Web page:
From Dirt Issue 113 - July 2011

Words by Steve Jones. Photos by Sebastian Schieck.

Solid specifications at an unbeatable price sounded too good to be true. Dirt jumped on a Lufthansa flight to Nuremberg to check out the YT Industries range of bikes.

One call was all it took and a month later a small jet dropped me into Bavaria. You get a pretty good idea of how a company operates within the first few hours of landing and on this occasion I was slickly moved through customs, food and hotel to arrive at their Forchheim headquarters.

Smoke billows from a nearby industrial plant but I’m guided into a large building with clean, uncluttered offices, a small team working away at designs. Seb the photographer gets down to work immediately, I’m introduced to the entire staff, the complete range of bikes, a coffee, couple of skids and that’s pretty much job done. It’s all very easy here.

What of the bikes? The most expensive of which is still less than two thousand pounds? A quick spin around on each reveals reasonably light, well spec’d equipment with good geometry – an effective range of bikes for all applications.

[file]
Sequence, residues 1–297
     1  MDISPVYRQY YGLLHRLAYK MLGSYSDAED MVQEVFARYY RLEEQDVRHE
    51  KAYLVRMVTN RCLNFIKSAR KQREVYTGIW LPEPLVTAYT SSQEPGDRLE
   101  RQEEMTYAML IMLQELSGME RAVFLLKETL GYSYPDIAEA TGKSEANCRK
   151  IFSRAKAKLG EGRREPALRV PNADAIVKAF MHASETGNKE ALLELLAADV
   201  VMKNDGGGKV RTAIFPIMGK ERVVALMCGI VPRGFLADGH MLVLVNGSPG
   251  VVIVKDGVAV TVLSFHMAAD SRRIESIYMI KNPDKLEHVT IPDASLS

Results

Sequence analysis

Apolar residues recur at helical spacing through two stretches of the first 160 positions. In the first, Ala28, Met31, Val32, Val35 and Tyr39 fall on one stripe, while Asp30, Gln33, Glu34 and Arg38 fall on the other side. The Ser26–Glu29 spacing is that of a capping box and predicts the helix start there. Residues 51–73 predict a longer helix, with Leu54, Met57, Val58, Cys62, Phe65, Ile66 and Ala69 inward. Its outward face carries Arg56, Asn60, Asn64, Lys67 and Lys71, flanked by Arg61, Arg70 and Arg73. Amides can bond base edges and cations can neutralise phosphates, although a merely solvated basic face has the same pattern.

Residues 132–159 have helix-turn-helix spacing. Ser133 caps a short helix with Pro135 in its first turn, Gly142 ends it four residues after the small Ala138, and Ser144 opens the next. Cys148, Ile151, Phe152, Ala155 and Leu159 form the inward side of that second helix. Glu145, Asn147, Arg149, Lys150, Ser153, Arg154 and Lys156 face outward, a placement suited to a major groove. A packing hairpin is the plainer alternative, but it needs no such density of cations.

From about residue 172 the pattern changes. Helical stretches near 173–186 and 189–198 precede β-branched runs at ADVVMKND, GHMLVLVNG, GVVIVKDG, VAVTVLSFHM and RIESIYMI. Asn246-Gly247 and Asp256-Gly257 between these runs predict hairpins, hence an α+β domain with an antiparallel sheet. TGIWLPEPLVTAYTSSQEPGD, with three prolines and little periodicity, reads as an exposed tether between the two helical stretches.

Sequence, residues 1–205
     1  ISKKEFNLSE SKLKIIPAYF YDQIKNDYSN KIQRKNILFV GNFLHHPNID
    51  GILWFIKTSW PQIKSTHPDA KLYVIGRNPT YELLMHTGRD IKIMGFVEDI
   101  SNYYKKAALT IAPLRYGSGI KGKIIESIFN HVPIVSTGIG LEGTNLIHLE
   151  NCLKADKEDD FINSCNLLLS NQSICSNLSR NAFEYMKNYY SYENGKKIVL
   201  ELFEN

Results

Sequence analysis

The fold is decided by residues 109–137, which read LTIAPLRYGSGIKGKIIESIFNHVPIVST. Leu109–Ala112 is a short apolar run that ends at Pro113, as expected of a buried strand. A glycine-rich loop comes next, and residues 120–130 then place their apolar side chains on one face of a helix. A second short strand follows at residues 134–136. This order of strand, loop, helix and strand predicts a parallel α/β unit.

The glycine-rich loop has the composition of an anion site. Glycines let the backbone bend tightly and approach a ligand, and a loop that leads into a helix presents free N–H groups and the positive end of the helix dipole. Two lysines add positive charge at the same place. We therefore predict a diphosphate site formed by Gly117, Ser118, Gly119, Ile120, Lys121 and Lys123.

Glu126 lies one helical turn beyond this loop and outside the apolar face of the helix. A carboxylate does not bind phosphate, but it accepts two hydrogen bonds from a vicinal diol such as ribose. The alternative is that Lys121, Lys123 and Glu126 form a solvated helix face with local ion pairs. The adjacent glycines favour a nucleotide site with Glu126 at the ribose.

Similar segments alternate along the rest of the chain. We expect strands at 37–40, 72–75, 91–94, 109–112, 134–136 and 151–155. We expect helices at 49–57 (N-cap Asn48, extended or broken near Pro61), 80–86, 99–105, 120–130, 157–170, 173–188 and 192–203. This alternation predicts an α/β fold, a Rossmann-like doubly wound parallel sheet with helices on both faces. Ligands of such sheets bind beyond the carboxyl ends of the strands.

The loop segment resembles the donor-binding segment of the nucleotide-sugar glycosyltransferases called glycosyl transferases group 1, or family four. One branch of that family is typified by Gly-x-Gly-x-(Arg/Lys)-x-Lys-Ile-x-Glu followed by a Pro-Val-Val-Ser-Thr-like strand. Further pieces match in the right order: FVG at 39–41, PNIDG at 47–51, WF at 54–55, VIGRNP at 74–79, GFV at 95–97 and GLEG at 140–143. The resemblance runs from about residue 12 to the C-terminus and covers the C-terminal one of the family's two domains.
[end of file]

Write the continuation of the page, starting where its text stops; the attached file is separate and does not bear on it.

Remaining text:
The fleet in total comes to eleven – three dirt style hardtails, one cross–country and a slick range of full suspension bikes: Play (Dirt jump/slopestyle bike, 100–130mm travel, €1599, also available in 24"), Wicked (150mm All–mountain €1599), Noton (170mm Freeride/Superenduro €2099), Tues (200mm Freeride €2099), Tues (200mm Downhill €2199).

A Tues LTD completes the range but that’s only available in limited numbers with nothing less than the best componentry. I guess that makes two downhill versions. But just look at those prices (€1000 is about £873, mid May 2011)!>>

Click through to keep reading...

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Dirt: OK give us a run–down of your background prior to YT.

Steffan Willared: I studied engineering in university and then eleven years with an automotive supply company, during the time I was project manager for chassis components and steering systems…and then YT.